As the fall semester begins, the National Ground Water Association (NGWA) is offering free student memberships to those studying in groundwater-related programs (in both undergraduate and graduate programs), whether in a university, community college, or a drilling school.
NGWA student member benefits include:
- Access to NGWA’s educational programs including, Develop Your Professional Skills: Young Professionals and Students Virtual Conference on October 13th
- Digital access to current, and all past, issues — as well sneak peeks of yet-to-be-published papers — of Groundwater® and Groundwater Monitoring & Remediation® via the Wiley Online Library
- A subscription to monthly NGWA member e-newsletter, Groundwater Matters
- Use of NGWA’s online Career Center
There are also special benefits available to students at our biggest annual event, NGWA’s Groundwater Week, where students can:
- Present academic papers and posters
- Compete in a scholarship competition
- Network with industry professionals.
If you are interested in joining NGWA, all you need do is complete and submit a brief online application to https://www.ngwa.org/members/join-ngwa/Students.
The ecotoxicological effects of hydrophobic organic compound (HOC) contamination in sediment are often assessed using laboratory exposures of cultured invertebrates to field-collected sediment. The use of a sediment holding time (storage at 4 °C) between field sampling and the beginning of the bioassay is common practice, yet the effect of holding time on the reliability of bioassay results is largely unknown, especially for current-use HOCs, such as pyrethroid insecticides. Single-point Tenax extraction can be used to estimate HOC concentrations in the rapidly desorbing phase of the organic carbon fraction of sediment (i.e., bioaccessible concentrations), which relate to sediment toxicity and bioaccumulation in invertebrates. In this study, repeated measurements of bioaccessible concentrations (via Tenax), were made as a function of sediment holding time using pyrethroid-contaminated field sediment, and Hyalella azteca 10-d survival and growth was measured concurrently for comparison. Similarly, bioaccessible concentrations and 14-d bioaccumulation were measured in Lumbriculus variegatus as a comparison using the legacy HOCs, polychlorinated biphenyls (PCBs). While the bioaccessible and bioaccumulated PCB concentrations did not change significantly through 244 d of holding time, the bioaccessible pyrethroid concentrations were more varied. Depending on when pyrethroid-contaminated sediments were sampled, the bioaccessible pyrethroid concentrations showed first-order loss with half-lives ranging from 3 to 45 d of holding, or slower, linear decreases in concentrations up to 14% decrease over 180 d. These findings suggest that at least for some contaminants in sediments, holding the sediments prior to bioassays can bias toxicity estimates.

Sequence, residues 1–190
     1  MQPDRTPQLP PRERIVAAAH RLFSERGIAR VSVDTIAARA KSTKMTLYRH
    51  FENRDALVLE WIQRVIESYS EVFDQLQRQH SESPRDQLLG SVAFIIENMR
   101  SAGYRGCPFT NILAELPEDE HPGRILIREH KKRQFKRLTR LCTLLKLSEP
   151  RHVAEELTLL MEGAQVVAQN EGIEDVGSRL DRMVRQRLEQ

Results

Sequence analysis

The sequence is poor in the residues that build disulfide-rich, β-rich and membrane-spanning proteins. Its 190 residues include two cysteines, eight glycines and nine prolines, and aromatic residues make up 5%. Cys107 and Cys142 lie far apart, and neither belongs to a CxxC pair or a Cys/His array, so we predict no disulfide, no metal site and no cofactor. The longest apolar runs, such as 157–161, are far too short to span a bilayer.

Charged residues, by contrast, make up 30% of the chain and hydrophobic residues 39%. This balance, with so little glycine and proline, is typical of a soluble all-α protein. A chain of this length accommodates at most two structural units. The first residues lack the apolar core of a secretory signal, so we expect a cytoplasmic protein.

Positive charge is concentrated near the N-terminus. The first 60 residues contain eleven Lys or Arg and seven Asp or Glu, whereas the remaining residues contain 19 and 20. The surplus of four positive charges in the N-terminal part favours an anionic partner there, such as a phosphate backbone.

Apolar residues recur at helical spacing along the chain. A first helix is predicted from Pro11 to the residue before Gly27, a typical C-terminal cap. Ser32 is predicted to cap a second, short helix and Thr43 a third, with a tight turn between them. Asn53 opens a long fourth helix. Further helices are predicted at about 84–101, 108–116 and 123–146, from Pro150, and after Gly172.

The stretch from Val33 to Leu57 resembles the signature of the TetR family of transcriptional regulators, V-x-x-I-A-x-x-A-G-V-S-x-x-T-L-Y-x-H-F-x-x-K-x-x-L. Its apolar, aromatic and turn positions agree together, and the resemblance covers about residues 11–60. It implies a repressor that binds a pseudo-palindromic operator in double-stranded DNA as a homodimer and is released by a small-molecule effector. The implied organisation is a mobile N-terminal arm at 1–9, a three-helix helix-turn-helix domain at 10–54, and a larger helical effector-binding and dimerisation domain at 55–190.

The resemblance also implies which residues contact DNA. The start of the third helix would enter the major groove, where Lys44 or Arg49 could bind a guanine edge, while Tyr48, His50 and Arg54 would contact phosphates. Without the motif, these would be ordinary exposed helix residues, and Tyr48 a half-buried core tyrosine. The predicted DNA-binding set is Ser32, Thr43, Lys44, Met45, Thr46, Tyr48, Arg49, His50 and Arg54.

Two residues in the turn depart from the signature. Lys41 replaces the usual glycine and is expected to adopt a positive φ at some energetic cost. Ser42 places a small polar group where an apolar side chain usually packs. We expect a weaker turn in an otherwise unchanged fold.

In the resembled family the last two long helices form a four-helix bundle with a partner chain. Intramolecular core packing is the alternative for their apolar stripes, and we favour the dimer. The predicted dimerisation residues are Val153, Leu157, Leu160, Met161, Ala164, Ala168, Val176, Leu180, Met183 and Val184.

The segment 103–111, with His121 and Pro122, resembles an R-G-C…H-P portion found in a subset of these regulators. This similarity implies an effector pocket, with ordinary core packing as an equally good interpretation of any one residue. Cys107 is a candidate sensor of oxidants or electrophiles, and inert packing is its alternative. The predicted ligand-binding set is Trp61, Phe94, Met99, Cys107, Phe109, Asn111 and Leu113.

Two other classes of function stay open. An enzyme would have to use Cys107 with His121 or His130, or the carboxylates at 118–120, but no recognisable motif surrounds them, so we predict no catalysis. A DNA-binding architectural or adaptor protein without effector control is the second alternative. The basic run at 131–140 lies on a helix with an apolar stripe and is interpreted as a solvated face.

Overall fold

|The Harmful Algal Bloom Research Symposium is coming back in 2023! The Algal Bloom Action Team’s popular Harmful Algal Bloom Research Symposium will return for it’s third year this January 5-6, 2023! The symposium is free and will be held entirely virtually. Over the last two years, the event has brought together over 600 water professionals annually from across the North Central Region to hear about the latest Harmful Algal Bloom Research, discuss examples of effective bloom management, and learn about the latest technologies tackling this global issue.
Our call for abstracts is now open!
The Harmful Algal Bloom Symposium is a great opportunity to share your work with fellow water professionals. Be sure to submit an abstract of your work today!
Research and case study abstracts are encouraged!
Abstracts are due at 11:59 PM CT on Friday, November 4th.
The USGS Ohio-Kentucky-Indiana Water Science Center (OKI WSC) is holding an Information session via TEAMS on a soon to be posted statistician position on Thursday September 1st at 5 PM EDT. It is an opportunity for potential candidates to ask questions about the USGS, the job, and the OKI WSC.